Research

Research

WHY WE OFTEN RELY ON INACCURATE INFORMATION WHY WE OFTEN RELY ON INACCURATE INFORMATION

WHY WE OFTEN RELY ON INACCURATE INFORMATION

SMALL SCHOOL BIG RESEARCH

Even when people know better, they often rely on inaccurate or misleading information to make future decisions. David Rapp’s research looks into why we are so easily influenced by false statements and what we can do to avoid relying on incorrect information.

Read more about Rapp’s research

Can a Growth Mindset Boost Coding Skills?

Can a Growth Mindset Boost Coding Skills?

Introductory computer science classes often have trouble retaining students, perhaps in part because they often promote a fixed mindset or the belief that great programmers are born and not made.

Saving Lives with Social Policy

Saving Lives with Social Policy

Income inequality and health inequality are not necessarily connected, according to a new study of U.S. and French death rates examining the often-studied link between poverty and poor health.

Northwestern, CPS Launch Rapid Impact Grants Program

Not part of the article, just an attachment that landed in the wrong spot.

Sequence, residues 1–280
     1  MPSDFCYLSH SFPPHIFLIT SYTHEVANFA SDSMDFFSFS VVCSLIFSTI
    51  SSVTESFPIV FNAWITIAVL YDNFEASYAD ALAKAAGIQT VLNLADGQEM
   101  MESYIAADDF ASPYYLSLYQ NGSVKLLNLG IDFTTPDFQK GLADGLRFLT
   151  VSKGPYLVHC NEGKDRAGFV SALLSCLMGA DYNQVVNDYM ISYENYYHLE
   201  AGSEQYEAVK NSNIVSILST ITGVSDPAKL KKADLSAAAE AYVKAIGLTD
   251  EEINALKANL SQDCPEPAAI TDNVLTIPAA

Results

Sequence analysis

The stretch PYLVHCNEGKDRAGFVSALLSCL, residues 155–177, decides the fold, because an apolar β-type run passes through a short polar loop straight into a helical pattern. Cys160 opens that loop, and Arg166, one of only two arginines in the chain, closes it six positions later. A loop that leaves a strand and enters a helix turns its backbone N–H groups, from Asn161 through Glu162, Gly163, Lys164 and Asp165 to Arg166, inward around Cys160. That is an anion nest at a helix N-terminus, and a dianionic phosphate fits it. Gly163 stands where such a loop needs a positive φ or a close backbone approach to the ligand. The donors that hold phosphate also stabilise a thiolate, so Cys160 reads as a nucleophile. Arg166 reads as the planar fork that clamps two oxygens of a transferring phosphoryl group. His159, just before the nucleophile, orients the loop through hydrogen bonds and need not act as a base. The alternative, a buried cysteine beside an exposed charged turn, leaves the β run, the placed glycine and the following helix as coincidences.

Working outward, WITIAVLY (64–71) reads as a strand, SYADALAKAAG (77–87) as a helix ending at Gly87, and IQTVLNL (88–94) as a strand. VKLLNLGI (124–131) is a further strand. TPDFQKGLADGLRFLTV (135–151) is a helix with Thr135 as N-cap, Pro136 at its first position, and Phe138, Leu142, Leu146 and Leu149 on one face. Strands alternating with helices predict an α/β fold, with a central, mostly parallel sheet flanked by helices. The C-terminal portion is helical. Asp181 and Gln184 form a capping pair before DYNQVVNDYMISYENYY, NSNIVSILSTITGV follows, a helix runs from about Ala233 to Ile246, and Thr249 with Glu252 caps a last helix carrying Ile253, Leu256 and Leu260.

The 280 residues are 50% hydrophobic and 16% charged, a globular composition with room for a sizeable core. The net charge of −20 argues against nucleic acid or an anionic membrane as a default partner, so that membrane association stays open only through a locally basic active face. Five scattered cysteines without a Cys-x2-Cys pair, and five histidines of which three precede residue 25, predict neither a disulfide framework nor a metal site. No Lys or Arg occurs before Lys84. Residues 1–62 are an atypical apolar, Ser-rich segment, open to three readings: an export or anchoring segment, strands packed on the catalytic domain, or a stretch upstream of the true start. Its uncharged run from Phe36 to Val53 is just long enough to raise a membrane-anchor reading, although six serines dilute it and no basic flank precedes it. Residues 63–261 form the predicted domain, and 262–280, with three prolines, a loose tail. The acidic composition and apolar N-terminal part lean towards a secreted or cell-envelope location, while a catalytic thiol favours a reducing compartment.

Northwestern, CPS Launch Rapid Impact Grants Program

SESP and Chicago Public Schools (CPS) have created the Rapid Impact Grants Program -- an accelerated program that will fund small projects that address pressing research needs to help inform practice and propel academic progress in the nation’s third-largest school district.

SESP in the Media: August 2018

SESP in the Media: August 2018

An ongoing, monthly roundup of appearances in the news media by School of Education and Social Policy faculty, researchers, and our community.

SESP Graduate Students Win Dev Sci Funding

SESP Graduate Students Win Dev Sci Funding

Northwestern University doctoral students Mollie McQuillian, Jacquelyn Stephens and Courtenay Kessler have been awarded seed grant funding for ambitious research projects that promote health and well-being across the lifespan from the DevSci Center for Transdisciplinary Training and The Graduate School.  

SNAP Benefits Reduced When Work Requirements Rise

SNAP Benefits Reduced When Work Requirements Rise

Expanding work requirements for those participating in the federal Supplemental Nutrition Assistance Program (SNAP) would hurt millions of people already in the workforce, especially those with low levels of education, Northwestern University labor economist Diane Shanzenbach wrote in Brookings.